With Randy Moss now a member of the Vikings, a lot of Patriots fans will be watching Brandon Tate on Sunday to see how the second-year wide receiver performs as New England's newest deep threat on the offensive side of the ball.
The Ravens will obviously be monitoring Tate in that aspect of the game and making sure the North Carolina product doesn't burn them deep, but they've got their eyes on Tate for another reason as well.
The speedy Tate is currently the league's second-leading kickoff returner, averaging 33.4 yards per return. He's run back two kicks for touchdowns, and had another kickoff return for a score in the preseason as well.
"He's got good vision, good running skills, and he's aggressive," Patriots head coach Bill Belichick said of Tate. "I think those are the things you look for in a returner - a guy who can handle the ball and is an aggressive runner that can make plays and make space in the open field, get some yards on his own, use the blocking that he has and make a little more of it.
"When he gets those opportunities in space, Brandon's done a good job of that for us."
Watching Tate on film, the Ravens say the first thing they've noticed is his speed. Tate is as fast as any returner Baltimore will face this season, and if you give him even a small crease, he's proven he can burst through and take it to the house.
"We've got to get in front of him," said wide receiver Marcus Smith, one of the Ravens' top special teams players. "You can't give him a clear lane to run. Basically, from watching film, I feel like if it's kind of cloudy in there, he might change direction and change the M.O. of what the return might be. He might bounce it outside just because we're in the hole.
"We know he's fast, we know if he gets a head of steam, he's probably going to be gone. So, we feel like we've got to get in front, make him change directions, and make it not as clear for him."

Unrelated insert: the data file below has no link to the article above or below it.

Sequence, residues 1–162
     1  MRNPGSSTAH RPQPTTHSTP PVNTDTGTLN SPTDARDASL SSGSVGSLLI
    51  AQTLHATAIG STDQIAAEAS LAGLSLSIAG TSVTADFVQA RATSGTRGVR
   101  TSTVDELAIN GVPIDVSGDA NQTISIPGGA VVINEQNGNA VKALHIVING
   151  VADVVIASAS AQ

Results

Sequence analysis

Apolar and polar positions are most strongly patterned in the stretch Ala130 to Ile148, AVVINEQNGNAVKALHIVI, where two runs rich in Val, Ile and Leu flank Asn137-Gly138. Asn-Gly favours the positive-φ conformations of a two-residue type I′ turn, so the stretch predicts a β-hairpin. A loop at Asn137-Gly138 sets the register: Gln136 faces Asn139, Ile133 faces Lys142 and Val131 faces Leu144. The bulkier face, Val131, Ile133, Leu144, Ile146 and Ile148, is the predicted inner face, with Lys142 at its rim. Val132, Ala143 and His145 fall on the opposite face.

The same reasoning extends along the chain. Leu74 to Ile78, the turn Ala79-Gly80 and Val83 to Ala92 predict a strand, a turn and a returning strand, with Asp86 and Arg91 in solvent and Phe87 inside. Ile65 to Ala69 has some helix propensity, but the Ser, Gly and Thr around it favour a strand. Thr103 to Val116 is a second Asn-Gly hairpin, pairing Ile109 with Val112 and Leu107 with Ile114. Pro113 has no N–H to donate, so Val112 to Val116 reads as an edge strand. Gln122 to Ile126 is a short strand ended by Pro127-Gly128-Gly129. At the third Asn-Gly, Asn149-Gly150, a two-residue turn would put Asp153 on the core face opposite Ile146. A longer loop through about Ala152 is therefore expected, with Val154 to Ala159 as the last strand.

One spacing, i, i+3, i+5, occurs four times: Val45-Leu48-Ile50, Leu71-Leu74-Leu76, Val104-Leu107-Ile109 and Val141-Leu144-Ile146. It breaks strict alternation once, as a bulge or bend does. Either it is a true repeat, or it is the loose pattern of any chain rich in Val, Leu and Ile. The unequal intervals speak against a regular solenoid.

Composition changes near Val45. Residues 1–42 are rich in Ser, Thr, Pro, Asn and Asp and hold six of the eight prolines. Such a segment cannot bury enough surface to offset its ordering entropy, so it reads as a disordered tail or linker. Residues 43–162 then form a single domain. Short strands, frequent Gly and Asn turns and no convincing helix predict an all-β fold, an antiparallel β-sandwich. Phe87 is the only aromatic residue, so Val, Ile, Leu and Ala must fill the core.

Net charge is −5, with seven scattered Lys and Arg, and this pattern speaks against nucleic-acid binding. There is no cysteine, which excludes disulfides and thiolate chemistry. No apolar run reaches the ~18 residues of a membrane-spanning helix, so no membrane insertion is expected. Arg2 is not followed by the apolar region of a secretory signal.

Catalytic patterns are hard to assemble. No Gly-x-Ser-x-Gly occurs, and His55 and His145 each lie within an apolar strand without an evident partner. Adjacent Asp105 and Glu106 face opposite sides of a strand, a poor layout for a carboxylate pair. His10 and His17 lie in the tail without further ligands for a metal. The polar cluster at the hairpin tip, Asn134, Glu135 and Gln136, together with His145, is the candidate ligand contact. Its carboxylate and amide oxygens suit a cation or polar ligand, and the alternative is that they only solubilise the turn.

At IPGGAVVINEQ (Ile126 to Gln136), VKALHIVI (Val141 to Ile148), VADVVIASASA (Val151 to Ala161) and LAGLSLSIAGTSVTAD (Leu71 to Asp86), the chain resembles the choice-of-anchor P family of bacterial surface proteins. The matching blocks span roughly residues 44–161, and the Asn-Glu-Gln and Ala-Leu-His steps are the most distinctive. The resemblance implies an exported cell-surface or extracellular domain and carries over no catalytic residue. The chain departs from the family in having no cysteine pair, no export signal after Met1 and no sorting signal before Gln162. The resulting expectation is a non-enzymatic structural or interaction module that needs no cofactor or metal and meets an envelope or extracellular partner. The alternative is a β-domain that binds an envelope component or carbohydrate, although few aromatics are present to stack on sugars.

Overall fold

Smith says that when you're defending a guy as fast as Tate, the goal is to force him to make a couple cuts. That's not necessarily the same strategy that the Ravens would employ if they were facing a returner with less pure speed but more shiftiness.
"You look at a guy like [former Chiefs and Rams kick returner] Dante Hall - you get in front of him, he's going to make you miss," Smith said. "He has the ability to juke you and run away from you. [Tate], not so much. If he gets an edge, he can outrun you. That's how we look at him as compared to a guy that has a little bit more agility. He's not a stop-and-go type of guy. He's more of a guy that builds up speed. If we can contain him and get in front of him, it will work in our favor."
The Ravens have done well containing explosive kickoff returners thus far this season. They held the Browns' Josh Cribbs to just a 23.5-yard average three weeks ago, and limited the Broncos' Demaryius Thomas and Eddie Royal to a 27-yard average last Sunday.
Special teams coordinator Jerry Rosburg and his boys get another big test again this week, and they're eager to prove they can rise to the occasion again.
"It's a big challenge for us," said safety Haruki Nakamura, who is third on the team in special teams tackles. "We're looking at it as he's one of the most explosive guys in the NFL. Our ultimate goal is just to do whatever we can to make sure he doesn't get a good return or have a great day."